To evaluate whether monothermal caloric screening can reduce the number of caloric irrigations required in the vestibular testing battery while maintaining diagnostic accuracy.
Prospective controlled cohort study. Three hundred and ninety patients referred for vestibular testing at this tertiary referral health system over a 1-year period were evaluated; 24 patients met exclusion or failure criteria and 366 patients were included in the study. Population was 35.6% male; average age was 50.4 years old. Each patient underwent caloric testing using either warm or cool water irrigation initially and this data was used for monothermal screening data. All patients then completed bithermal binaural caloric testing to obtain the “gold standard” bithermal data for comparison. The sensitivity and specificity of monothermal cool or monothermal warm caloric tests were calculated using a receiver operating characteristic curve analysis.
Using a monothermal interear difference threshold of 25%, warm monothermal screening had sensitivity of 98.0%, specificity of 91.3%, false negative rate of 2%, and false positive rate of 8.7%. Cool monothermal screening also had excellent sensitivity (92.3%) and specificity (95.3)%, with a false negative rate of 7.7%, and a false positive rate of 4.7%. The diagnosis associated with the single false negative warm monothermal caloric test was compensated vestibular paresis. In the study population, 71.9% had a negative monothermal screen; if the monothermal data were accepted, 2 fewer irrigations would have been performed resulting in an average saving of $264 (typical Medicare reimbursement for 2 irrigations) billed per patient screened as well as shortening the average testing battery by about 15 min.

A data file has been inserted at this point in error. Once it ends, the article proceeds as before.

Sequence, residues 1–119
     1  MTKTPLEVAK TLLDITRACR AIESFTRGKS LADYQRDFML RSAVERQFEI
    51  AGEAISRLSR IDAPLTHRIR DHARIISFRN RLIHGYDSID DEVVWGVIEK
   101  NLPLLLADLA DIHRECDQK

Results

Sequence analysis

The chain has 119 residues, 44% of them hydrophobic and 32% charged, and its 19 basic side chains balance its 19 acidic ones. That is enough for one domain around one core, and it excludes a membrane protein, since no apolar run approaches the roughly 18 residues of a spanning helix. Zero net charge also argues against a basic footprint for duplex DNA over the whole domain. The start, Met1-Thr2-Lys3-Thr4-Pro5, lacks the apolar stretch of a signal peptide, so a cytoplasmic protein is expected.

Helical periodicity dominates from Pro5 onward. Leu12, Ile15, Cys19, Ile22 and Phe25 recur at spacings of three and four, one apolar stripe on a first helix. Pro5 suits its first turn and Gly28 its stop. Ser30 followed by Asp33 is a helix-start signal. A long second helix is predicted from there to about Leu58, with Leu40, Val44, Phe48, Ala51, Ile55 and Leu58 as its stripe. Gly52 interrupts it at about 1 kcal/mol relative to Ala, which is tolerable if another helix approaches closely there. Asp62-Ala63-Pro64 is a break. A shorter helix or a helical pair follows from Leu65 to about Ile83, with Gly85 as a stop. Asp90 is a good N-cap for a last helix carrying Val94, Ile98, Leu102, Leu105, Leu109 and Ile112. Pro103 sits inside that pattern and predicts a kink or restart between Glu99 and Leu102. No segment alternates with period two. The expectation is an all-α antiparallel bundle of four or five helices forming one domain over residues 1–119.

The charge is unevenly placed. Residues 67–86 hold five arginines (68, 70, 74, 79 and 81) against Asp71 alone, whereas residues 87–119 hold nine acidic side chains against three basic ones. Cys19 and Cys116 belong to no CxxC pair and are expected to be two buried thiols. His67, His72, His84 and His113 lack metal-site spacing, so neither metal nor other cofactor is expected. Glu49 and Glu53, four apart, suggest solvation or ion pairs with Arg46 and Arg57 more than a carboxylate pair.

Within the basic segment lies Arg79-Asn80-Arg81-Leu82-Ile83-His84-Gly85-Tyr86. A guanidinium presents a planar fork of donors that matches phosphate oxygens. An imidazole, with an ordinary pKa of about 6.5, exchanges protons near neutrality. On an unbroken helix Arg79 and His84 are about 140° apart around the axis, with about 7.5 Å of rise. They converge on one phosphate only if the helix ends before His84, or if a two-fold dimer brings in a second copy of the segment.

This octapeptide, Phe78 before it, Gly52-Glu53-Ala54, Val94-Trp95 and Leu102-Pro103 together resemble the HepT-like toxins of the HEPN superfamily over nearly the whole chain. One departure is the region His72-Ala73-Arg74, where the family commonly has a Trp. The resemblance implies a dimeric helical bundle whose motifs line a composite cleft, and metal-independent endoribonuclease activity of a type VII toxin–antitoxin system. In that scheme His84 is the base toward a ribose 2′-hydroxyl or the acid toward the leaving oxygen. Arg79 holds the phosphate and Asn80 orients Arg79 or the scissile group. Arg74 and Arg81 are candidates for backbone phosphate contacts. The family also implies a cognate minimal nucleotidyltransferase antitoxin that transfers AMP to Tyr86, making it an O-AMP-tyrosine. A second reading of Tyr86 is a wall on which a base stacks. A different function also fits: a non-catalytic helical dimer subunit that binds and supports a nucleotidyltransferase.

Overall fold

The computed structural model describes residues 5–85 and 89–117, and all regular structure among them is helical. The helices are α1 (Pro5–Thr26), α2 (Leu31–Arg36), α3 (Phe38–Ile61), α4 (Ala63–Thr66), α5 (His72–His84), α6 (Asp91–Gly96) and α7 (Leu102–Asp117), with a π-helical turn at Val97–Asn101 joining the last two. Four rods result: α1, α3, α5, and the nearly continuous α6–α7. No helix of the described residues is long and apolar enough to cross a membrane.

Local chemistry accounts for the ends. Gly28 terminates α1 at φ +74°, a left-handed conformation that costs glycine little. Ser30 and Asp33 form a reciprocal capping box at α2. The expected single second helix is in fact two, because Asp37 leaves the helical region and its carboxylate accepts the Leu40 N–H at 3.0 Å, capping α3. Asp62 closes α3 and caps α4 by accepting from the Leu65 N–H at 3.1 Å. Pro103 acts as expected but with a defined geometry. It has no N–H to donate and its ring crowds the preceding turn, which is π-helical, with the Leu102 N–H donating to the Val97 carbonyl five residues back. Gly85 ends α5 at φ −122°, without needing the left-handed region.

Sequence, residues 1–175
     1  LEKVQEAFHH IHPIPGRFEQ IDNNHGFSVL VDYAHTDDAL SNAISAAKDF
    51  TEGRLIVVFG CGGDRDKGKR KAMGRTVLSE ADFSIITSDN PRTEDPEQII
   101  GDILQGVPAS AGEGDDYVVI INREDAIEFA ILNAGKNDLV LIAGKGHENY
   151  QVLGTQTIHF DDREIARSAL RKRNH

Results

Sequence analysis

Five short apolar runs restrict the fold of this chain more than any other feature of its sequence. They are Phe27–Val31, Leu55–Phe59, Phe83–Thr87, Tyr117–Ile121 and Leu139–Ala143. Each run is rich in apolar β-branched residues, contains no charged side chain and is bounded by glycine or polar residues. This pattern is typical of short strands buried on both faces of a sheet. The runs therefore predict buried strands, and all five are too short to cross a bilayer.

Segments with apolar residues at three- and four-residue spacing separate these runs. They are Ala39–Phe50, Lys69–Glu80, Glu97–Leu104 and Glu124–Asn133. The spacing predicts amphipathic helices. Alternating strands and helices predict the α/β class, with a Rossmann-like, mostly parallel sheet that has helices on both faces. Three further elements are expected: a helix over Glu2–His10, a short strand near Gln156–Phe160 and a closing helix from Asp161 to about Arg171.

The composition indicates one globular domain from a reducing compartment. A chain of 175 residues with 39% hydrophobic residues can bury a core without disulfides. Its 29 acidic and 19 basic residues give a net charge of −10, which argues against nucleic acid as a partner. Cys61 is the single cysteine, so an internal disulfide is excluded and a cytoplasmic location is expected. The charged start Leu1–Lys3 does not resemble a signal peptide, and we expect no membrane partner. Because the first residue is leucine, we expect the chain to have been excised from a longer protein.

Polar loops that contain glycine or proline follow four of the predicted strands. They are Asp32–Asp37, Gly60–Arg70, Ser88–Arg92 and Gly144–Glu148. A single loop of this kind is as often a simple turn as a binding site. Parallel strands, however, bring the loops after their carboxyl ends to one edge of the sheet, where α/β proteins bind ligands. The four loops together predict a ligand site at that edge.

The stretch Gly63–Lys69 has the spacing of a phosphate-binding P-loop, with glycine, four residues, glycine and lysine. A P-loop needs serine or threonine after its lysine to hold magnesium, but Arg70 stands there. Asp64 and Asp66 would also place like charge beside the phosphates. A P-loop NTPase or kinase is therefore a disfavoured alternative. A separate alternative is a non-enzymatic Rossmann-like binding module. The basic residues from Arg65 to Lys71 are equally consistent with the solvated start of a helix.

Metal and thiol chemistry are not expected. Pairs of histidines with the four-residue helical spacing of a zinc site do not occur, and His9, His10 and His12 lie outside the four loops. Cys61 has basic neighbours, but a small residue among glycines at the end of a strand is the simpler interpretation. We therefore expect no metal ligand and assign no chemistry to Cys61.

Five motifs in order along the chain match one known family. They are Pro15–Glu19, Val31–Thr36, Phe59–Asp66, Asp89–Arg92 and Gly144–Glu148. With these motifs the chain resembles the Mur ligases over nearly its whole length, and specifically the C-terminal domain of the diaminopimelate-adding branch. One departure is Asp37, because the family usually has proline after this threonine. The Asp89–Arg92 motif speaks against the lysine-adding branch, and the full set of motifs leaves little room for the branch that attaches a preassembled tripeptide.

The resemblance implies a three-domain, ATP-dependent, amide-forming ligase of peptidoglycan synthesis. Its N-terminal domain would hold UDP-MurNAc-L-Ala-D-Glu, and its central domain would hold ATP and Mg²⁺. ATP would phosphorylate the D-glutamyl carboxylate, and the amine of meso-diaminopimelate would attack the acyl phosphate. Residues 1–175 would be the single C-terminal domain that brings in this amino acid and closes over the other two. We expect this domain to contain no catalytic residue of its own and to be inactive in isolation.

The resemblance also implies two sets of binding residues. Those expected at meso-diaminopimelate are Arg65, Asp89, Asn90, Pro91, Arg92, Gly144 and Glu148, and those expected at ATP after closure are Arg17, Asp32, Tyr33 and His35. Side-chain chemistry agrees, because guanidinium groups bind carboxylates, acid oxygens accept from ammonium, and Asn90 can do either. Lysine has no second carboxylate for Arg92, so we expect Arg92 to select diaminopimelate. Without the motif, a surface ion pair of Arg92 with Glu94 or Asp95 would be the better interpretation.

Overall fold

Warm monothermal caloric screening can reduce time and cost of vestibular testing while nearly matching the diagnostic accuracy of bithermal testing.
This is a prospective study to determine the diagnostic efficacy of monothermal caloric screening for vestibular weakness in a tertiary care center. Patients were tested using either warm or cool water irrigations to obtain monothermal data, after which they completed bithermal testing. A receiver operating characteristic (ROC) analysis was used to determine the sensitivity and specificity of the monothermal screening test relative to the bithermal control data. Warm and cool monothermal tests had sensitivities of 98.0% and 92.3%, respectively, and specificities of 91.3% and 95.3%, respectively. The data show that monothermal caloric screening can be nearly as effective as bithermal screening.
University of Michigan, Ann Arbor, Michigan, USA.
The authors declare no conflicts of interest.
Received March 16, 2015; accepted November 8, 2015.
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